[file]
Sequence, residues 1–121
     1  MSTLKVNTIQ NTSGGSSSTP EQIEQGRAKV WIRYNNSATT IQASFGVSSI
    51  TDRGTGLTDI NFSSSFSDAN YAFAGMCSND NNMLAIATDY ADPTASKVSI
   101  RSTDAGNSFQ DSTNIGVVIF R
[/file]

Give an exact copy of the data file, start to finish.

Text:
Sequence, residues 1–121
     1  MSTLKVNTIQ NTSGGSSSTP EQIEQGRAKV WIRYNNSATT IQASFGVSSI
    51  TDRGTGLTDI NFSSSFSDAN YAFAGMCSND NNMLAIATDY ADPTASKVSI
   101  RSTDAGNSFQ DSTNIGVVIF R